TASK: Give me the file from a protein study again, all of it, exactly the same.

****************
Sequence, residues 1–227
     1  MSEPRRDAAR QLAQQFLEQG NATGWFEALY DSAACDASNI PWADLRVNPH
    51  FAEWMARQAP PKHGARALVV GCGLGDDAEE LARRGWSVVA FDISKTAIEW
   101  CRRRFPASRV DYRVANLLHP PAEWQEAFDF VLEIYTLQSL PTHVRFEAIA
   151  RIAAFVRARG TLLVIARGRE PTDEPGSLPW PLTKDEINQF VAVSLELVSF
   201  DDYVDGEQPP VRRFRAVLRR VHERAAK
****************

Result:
Sequence, residues 1–227
     1  MSEPRRDAAR QLAQQFLEQG NATGWFEALY DSAACDASNI PWADLRVNPH
    51  FAEWMARQAP PKHGARALVV GCGLGDDAEE LARRGWSVVA FDISKTAIEW
   101  CRRRFPASRV DYRVANLLHP PAEWQEAFDF VLEIYTLQSL PTHVRFEAIA
   151  RIAAFVRARG TLLVIARGRE PTDEPGSLPW PLTKDEINQF VAVSLELVSF
   201  DDYVDGEQPP VRRFRAVLRR VHERAAK